Farmers, ranchers and rural communities are bracing for more flooding to come. As California enters the hot summer months, the statewide snowpack remains more than 300% of average for this date. In the San Joaquin Valley below, Tulare Lake—now as wide as Lake Tahoe—continues its creeping expansion into farmland. Farmers and officials are racing to find solutions.

Yet systemic problems in how state and federal agencies manage waterways and provide relief money to communities drew frustration during a hearing on the winter storm impacts in the Legislature last week.

California Farm Bureau Administrator Jim Houston stressed that the clock is running out for any actions to prevent further disasters. Above Pine Flat Reservoir in Fresno County, about two and a half million acre-feet of water will soon rush down in the form of spring snowmelt. The reservoir, however, can only hold a million acre-feet.

“In 30 days, it's going to fill up and start spilling over,” Houston warned the lawmakers, who assembled for a joint meeting of the Assembly Agriculture and Emergency Management committees. “Folks are trying to figure out when to move.”

But moving is hard and traumatic for cows. According to Houston, the livestock are reluctant to leave their home turf, they have special needs for their milking routines and diet, and they only trust equipment already familiar to them. After going through such an ordeal, “oftentimes the cows not the same.”

Norm GrootMonterey County Farm Bureau Executive Director Norm Groot 

Agriculture more broadly faces significant impacts. In the Pajaro and Salinas valleys, strawberry growers are experiencing the residual effects after winter flooding. Growers have lost more than $200 million, according to Peter Navarro, a farmer in Watsonville. Saturated soils pushed plantings back a month, adding more expenses for his operation and with no revenue coming in. With “extraordinarily” less fruit to harvest, his employees have earned little money.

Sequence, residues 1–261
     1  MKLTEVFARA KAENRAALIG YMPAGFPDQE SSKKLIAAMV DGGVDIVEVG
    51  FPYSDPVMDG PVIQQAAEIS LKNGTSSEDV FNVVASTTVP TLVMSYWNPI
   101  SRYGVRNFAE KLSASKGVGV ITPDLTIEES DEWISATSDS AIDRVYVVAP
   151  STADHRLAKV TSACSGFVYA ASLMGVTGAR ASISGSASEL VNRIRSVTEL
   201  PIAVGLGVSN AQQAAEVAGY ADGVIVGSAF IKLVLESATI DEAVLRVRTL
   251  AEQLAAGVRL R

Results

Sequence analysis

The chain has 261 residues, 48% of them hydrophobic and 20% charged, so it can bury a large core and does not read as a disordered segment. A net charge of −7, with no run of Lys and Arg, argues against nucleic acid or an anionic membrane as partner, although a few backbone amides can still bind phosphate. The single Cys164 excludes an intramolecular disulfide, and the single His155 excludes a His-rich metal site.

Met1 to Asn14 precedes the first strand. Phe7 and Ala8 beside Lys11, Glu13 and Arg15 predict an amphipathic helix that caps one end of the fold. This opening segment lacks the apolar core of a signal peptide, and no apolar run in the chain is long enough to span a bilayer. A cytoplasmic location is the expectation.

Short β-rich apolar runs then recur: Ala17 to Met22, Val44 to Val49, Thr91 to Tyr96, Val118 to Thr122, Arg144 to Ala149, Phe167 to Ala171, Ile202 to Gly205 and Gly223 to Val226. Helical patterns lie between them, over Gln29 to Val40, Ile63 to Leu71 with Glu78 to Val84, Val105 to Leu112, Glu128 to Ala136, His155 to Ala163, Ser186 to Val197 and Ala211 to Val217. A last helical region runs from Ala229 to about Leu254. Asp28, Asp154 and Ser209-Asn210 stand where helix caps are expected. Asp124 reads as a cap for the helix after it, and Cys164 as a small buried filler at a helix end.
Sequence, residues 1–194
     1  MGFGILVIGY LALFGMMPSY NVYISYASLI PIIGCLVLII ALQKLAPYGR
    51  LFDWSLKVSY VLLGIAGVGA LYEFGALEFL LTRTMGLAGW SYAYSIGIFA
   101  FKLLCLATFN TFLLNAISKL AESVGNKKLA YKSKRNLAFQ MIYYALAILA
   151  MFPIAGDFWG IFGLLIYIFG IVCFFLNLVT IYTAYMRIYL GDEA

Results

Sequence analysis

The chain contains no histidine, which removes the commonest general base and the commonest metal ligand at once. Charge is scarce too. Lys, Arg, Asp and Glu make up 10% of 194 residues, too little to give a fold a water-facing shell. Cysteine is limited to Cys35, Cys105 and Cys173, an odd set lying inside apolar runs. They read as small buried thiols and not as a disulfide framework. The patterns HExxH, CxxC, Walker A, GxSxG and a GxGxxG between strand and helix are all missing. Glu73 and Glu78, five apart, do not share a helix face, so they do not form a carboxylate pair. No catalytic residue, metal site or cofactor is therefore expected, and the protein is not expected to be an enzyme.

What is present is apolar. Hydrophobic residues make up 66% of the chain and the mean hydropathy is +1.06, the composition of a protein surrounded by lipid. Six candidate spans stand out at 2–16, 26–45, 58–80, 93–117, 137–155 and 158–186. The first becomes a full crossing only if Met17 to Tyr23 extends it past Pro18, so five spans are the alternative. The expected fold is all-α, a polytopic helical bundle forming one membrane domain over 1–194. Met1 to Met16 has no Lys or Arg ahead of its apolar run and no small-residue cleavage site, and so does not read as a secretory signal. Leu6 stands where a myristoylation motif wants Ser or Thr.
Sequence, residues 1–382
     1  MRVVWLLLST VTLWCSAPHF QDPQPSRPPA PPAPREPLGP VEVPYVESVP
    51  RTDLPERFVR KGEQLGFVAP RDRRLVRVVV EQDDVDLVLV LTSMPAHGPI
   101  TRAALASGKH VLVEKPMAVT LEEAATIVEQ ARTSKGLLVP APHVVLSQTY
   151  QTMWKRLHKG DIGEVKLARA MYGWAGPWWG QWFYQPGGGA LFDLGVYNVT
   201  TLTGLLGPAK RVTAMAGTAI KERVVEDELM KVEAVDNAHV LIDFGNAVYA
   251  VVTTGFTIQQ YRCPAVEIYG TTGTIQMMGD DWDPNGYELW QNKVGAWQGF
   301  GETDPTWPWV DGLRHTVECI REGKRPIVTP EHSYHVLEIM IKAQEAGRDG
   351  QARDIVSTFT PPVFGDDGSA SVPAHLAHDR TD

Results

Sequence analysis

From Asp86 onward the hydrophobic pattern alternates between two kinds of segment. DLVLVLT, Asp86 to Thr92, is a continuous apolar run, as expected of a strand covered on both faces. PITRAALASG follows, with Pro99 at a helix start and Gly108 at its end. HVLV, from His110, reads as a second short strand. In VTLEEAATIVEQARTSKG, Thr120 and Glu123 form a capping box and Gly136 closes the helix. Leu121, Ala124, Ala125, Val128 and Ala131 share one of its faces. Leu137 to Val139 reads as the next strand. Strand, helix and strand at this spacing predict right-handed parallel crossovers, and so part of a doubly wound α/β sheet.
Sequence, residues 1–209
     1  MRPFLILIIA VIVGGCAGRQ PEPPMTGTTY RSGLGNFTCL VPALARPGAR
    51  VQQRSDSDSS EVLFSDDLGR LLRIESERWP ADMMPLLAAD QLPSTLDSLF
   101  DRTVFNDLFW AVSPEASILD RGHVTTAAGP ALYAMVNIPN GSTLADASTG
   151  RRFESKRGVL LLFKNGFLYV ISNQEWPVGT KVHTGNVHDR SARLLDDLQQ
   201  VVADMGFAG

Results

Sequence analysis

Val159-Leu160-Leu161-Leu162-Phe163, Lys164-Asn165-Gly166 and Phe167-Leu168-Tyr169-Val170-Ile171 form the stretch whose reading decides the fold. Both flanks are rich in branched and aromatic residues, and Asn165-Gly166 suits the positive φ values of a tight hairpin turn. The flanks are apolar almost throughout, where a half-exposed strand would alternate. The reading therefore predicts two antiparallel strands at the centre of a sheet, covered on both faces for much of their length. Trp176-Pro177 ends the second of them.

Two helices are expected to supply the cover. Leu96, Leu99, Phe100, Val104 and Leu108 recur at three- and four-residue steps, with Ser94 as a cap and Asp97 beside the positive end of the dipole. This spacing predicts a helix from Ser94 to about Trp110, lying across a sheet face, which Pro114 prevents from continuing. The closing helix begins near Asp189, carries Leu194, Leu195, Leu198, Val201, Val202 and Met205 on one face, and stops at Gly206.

Monterey County Farm Bureau Executive Director Norm Groot estimated $1 billion in losses to agricultural operations in his county, with 20,000 acres impacted.

The slow response in state and federal aid has frustrated Houston.

“What we need is action,” he said.

He called for direct relief to farmers who have suffered losses, rather than through an intermediary, and pointed to regulatory hurdles to building flood infrastructure projects in the state, though he commended Gov. Gavin Newsom for taking “bold action” to streamline permitting processes. Houston also applauded the efforts of legislators to offer additional relief. Republican Sen. Roger Niello of Fair Oaks is hoping to extend disaster loss deductions from state taxes for impacted counties. Sen. Maria Elena Durazo of Los Angeles is proposing a fund for undocumented workers who are ineligible for unemployment insurance.

“There's a tremendous amount of jobs that are lost and oftentimes forgotten when these things happen,” said Houston.

Emergency Management Chair Freddie Rodriguez agreed that farmworkers were not receiving the assistance they needed to recover. He teamed up with Agriculture Chair Robert Rivas on AB 513 to establish a state fund for delivering relief dollars to local agencies, community-based organizations and individuals recovering from disaster. Rodriguez said they are working closely with the Newsom administration to add a $125 million contingency fund in the budget to help families and communities.